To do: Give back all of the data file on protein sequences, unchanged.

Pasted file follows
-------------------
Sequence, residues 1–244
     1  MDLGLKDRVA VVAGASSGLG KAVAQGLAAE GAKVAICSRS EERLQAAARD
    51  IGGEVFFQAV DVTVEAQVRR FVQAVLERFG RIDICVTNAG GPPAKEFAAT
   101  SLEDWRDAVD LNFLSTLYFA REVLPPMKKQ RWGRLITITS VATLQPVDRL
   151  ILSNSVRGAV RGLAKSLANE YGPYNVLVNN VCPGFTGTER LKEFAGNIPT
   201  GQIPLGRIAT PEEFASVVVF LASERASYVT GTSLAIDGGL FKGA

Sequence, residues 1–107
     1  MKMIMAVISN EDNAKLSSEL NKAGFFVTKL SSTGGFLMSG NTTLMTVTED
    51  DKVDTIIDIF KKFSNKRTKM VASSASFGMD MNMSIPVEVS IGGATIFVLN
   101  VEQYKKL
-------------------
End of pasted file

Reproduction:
Sequence, residues 1–244
     1  MDLGLKDRVA VVAGASSGLG KAVAQGLAAE GAKVAICSRS EERLQAAARD
    51  IGGEVFFQAV DVTVEAQVRR FVQAVLERFG RIDICVTNAG GPPAKEFAAT
   101  SLEDWRDAVD LNFLSTLYFA REVLPPMKKQ RWGRLITITS VATLQPVDRL
   151  ILSNSVRGAV RGLAKSLANE YGPYNVLVNN VCPGFTGTER LKEFAGNIPT
   201  GQIPLGRIAT PEEFASVVVF LASERASYVT GTSLAIDGGL FKGA

Sequence, residues 1–107
     1  MKMIMAVISN EDNAKLSSEL NKAGFFVTKL SSTGGFLMSG NTTLMTVTED
    51  DKVDTIIDIF KKFSNKRTKM VASSASFGMD MNMSIPVEVS IGGATIFVLN
   101  VEQYKKL